Brave Miss World: Empowering Rape Survivors Worldwide

November 16, 2013

This post was written by DOC NYC blogger Jess Gonzalez

Filmmaker Cecilia Peck took the stage following the DOC NYC screening of her film, BRAVE NEW WORLD.

In 1998, Miss Israel Linor Abargil was crowned Miss World in front of millions of viewers worldwide. Little did anyone know, the 18-year-old model had just been abducted, stabbed, and brutally raped just six weeks prior. Cecilia Peck’s documentary BRAVE NEW WORLD tells the story of Abargil’s efforts to spread awareness and empower rape survivors around the world. It also reveals her struggle to understand her own traumatic past while shouldering the pain of so many others.

“Rape is so isolating,” Abargil says in the film, while making an appearance at the Cleveland Rape Crisis Center. “Because even if you tell people what happened, they’re afraid to mention it. So you’re surrounded by sadness.”

Sexual assault affects not only the victim’s life, but also the lives of the people who love them. Abargil’s mother, Aliza, played an integral role in her daughter’s recovery and throughout her attacker’s trial, as did Motty Reif, Abargil’s best friend who is also a producer of the film. It was while going through these terrible times that they realized Abargil, as Miss World, had the platform to reach out to other women suffering as she was suffering.

“After the trial, when Linor spoke out on Israeli television, many women came to her and told her that because of her, they spoke out for the first time,” said Reif. “Linor and I decided that instead of [just helping] those hundreds of women in Israel, we should do it worldwide.”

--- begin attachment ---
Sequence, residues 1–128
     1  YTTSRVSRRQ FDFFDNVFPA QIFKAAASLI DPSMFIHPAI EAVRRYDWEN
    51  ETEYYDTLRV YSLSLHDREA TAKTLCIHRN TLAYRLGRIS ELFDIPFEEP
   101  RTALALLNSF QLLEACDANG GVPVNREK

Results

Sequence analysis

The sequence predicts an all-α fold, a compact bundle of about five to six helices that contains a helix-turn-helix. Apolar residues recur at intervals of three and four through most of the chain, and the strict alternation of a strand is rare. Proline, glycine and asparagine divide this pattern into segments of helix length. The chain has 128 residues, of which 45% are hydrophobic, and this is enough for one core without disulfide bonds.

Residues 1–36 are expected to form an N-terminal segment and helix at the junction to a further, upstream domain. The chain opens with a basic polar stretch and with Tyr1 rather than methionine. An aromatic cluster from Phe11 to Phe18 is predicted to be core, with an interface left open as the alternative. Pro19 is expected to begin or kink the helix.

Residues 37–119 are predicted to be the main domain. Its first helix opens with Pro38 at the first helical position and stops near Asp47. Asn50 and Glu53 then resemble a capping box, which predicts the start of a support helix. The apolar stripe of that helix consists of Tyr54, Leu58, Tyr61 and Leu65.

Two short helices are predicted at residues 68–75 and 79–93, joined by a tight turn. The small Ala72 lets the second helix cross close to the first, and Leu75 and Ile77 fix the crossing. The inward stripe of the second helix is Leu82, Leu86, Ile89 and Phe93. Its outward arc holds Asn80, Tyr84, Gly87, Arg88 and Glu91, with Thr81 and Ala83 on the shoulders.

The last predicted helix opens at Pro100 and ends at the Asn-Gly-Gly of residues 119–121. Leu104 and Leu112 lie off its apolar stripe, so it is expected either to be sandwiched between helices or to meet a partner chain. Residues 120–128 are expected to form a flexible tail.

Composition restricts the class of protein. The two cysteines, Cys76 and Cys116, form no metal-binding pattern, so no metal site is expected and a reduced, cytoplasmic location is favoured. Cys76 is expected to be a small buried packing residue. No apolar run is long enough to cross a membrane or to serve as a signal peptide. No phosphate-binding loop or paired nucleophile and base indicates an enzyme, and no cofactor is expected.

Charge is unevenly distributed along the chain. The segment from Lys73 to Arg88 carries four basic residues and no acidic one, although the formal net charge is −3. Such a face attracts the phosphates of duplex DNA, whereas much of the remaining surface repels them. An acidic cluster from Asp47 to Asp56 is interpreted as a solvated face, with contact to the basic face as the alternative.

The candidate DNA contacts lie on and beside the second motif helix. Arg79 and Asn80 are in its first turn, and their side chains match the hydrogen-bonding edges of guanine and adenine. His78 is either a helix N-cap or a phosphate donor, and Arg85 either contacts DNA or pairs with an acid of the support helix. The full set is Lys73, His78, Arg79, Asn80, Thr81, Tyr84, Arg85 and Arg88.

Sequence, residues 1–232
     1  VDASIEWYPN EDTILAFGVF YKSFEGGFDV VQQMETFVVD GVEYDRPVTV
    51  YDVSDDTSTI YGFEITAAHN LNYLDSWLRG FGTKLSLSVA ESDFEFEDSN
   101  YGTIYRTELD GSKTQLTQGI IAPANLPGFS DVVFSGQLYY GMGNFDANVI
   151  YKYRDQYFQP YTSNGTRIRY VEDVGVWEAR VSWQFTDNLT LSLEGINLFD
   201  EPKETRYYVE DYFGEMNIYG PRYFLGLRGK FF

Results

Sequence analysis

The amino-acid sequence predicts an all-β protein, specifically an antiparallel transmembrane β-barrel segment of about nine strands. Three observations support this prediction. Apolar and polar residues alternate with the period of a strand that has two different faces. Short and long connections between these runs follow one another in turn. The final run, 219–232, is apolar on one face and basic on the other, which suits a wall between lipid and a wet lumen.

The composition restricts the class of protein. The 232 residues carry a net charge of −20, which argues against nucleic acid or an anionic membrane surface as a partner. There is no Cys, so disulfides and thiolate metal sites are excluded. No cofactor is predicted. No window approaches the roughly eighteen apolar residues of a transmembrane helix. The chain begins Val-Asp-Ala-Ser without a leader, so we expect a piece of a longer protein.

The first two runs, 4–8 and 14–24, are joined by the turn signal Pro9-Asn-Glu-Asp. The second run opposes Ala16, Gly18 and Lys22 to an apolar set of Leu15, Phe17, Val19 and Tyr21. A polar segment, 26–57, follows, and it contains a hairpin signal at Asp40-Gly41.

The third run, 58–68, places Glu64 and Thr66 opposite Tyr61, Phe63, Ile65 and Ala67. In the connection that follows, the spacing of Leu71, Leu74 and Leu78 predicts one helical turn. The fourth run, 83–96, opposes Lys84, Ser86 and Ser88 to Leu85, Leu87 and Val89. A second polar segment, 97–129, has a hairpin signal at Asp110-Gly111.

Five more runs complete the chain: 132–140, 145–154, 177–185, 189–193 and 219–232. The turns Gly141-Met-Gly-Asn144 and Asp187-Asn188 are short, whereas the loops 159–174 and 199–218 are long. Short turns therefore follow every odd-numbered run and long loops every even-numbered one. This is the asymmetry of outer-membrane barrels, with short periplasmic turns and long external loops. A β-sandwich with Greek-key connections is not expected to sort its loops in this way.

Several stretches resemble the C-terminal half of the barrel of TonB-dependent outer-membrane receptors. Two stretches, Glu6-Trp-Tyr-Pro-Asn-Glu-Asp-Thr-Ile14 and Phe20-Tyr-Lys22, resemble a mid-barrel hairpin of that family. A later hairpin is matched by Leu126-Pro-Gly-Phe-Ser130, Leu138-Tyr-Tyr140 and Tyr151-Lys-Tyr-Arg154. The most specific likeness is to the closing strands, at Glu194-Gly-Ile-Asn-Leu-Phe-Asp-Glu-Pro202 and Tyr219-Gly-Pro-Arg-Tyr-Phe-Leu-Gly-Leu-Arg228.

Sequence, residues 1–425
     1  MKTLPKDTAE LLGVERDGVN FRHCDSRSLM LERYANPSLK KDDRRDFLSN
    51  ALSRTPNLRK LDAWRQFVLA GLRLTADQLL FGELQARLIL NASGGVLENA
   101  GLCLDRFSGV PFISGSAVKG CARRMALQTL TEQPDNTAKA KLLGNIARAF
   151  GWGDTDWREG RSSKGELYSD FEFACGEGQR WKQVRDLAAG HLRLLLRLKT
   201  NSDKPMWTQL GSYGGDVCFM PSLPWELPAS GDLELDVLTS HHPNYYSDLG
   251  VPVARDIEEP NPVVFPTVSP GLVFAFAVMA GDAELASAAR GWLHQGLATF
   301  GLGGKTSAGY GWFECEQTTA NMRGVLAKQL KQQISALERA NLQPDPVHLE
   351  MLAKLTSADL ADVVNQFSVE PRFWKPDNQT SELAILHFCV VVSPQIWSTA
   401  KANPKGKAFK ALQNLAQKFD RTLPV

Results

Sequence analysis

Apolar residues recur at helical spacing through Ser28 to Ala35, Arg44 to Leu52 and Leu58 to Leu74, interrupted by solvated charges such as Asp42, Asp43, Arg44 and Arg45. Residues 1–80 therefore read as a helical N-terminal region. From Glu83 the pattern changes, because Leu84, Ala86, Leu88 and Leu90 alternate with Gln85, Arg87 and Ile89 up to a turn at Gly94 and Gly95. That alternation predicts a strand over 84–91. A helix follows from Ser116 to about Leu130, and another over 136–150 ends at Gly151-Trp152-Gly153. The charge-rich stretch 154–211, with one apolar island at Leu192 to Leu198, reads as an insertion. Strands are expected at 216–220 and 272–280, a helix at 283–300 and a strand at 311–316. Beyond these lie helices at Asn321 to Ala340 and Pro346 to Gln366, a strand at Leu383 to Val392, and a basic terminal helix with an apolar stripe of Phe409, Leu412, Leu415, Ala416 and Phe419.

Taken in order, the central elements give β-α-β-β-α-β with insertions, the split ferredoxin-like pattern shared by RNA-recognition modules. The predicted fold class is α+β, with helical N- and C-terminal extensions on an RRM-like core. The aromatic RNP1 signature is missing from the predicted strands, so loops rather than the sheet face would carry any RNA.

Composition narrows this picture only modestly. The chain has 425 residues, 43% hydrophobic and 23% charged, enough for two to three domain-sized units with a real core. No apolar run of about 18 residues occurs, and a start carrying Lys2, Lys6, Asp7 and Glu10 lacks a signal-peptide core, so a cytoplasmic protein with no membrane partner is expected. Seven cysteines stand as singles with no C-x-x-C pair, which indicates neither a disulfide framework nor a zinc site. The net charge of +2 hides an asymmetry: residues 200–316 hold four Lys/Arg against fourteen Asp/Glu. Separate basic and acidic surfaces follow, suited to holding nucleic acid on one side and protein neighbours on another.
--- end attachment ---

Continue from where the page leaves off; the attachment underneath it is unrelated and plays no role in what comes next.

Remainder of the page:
But BRAVE NEW WORLD isn’t just Abargil’s story. It’s the story of many men and women who haven’t yet come forward about their assaults, as well as those who were brave enough to share their experiences on camera. Four of those women joined Peck, Reif, and editor Inbal B. Lessner on stage for the Q&A after the screening, and were greeted with thunderous applause from the audience.

“When I am talking about the rape and watching it on film, I feel kind of like a different woman,” said one of the film’s subjects, who had been told by a prosecutor after her rape that her attacker was “cute” and that she’d just had a moment of weakness. “I feel strong, and like I can do anything, like I can help people. It’s been an amazing experience.”

Abargil has since gotten married, become a mother, and developed a deep relationship with her religion, but she continues to advocate for those with no one standing behind them. Rape is never an easy thing to talk about, but at the core of BRAVE NEW WORLD lies the hope that bravery and empowerment in the face of social rejection and shame will help the rape survivors who have not yet found their voices.

“I think the film suggests that [recovery] is ongoing, it’s lifelong,” Peck said. “But you can pick up the pieces. You can move forward with your life.”